[Python-Dev] External Package Maintenance (was Re: Please stopchanging wsgiref on the trunk)

Giovanni Bajo rasky at develer.com
Mon Jun 12 20:20:10 CEST 2006

Guido van Rossum wrote:

>>> I personally think that, going forward, external maintainers should
>>> not be granted privileges such as are being granted by PEP 360, and
>>> an inclusion of a package in the Python tree should be considered a
>>> "fork" for all practical purposes. If an external developer is not
>>> okay with such an arrangement, they shouldn't contribute.
>> This is going to make it tougher to get good contributions, where
>> "good" means "has existing users and a maintainer committed to
>> supporting them".
> To which I say, "fine". From the Python core maintainers' POV, more
> standard library code is just more of a maintenance burden. Maybe we
> should get serious about slimming down the core distribution and
> having a separate group of people maintain sumo bundles containing
> Python and lots of other stuff.


One of the biggest Python strength, and one that I personally rely on a lot,
is the large *standard* library. It means that you can write scripts and
programs that will run on any Python installation out there, no matter how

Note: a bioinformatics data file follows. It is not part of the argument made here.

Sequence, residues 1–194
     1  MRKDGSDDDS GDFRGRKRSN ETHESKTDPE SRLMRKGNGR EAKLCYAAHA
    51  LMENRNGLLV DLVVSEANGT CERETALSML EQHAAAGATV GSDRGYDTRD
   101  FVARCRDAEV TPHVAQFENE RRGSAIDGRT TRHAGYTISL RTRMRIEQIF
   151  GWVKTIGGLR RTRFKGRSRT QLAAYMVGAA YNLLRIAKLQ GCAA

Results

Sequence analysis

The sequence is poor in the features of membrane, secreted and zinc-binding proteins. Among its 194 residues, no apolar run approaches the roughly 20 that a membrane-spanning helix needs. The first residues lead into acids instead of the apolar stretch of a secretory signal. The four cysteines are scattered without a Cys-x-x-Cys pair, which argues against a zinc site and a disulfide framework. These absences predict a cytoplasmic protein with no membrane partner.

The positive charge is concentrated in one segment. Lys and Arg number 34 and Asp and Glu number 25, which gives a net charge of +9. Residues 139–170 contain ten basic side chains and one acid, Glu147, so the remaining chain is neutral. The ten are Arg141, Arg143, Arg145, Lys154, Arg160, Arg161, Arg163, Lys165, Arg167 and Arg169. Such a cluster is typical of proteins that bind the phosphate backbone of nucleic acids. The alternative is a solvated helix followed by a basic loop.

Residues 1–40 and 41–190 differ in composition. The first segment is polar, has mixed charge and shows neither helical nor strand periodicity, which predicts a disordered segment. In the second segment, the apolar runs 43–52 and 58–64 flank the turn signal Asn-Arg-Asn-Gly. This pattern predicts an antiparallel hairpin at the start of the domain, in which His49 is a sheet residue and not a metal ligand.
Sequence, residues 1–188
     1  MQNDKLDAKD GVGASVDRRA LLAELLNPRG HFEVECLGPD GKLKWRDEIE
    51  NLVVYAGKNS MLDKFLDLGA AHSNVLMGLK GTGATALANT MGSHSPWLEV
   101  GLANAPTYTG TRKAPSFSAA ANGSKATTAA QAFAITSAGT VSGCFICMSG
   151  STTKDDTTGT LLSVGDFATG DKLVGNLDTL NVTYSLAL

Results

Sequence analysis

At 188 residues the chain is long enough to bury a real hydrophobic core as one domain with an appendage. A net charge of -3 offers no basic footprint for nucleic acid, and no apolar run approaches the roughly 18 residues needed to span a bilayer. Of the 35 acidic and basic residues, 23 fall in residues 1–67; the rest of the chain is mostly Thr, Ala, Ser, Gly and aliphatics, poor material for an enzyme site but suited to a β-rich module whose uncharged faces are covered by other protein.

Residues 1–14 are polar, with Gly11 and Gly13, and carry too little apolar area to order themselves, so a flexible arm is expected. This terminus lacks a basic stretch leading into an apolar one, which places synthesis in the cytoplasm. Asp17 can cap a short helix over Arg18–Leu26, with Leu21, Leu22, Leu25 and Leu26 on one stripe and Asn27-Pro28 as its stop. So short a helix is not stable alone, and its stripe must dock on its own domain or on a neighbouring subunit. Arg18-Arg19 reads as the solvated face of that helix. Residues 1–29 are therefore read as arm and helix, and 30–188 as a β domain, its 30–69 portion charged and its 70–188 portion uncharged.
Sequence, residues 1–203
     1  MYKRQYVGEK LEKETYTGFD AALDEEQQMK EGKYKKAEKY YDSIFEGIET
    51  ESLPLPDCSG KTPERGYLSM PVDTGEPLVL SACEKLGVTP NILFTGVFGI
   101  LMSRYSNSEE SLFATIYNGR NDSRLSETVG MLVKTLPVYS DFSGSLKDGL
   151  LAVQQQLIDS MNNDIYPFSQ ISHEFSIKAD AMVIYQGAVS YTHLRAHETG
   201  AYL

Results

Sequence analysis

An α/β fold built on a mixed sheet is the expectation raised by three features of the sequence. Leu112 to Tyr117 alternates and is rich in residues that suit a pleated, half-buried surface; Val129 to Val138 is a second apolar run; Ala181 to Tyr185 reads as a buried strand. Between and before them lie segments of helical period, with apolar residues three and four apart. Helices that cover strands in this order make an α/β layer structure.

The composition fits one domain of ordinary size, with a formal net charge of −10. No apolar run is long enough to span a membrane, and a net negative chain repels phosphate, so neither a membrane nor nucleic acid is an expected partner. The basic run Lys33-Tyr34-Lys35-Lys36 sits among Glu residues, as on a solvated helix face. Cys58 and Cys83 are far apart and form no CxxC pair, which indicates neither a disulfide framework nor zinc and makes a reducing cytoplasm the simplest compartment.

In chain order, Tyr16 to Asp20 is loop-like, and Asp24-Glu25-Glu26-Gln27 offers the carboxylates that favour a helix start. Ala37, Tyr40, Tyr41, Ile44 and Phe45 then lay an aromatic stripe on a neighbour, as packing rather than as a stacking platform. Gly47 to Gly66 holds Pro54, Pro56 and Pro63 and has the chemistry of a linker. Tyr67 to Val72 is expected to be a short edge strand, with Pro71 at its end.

many eggs were downloaded before, no matter whether the Internet connection
is available or not, no matter if the user has privileges to install
extensions, even if the SourceForge mirror is down, even if SourceForge
changed their HTML and now the magic code can't grok it anymore, etc etc

If Python were to lose this standard library in favor of several different
distributions, users could not sensibly write a program anymore without
incurring the risk of using packages not available to some users. Perl has
this problem with CPAN, and system administrators going through hoops to
write admin scripts which do not rely on any external package just because
you can't be sure if a package is installed or not; this leads to code
duplication (duplication of the code included in an external package, but
which can't be "reliably" used), and to bugs (since the local copy of the
functionality can surely be more buggy than the widespread implementation of
the external package).

Let's not get into this mess, please. I think we just need a smoother way to
maintain the standard library, not an agreement to remove it, just because
we cannot find a way to maintain it properly. The fact that there hundreds
of unreviewed patches to the standard library made by wannabe contributors
is a blatant sign that something *can* be improved.
Giovanni Bajo

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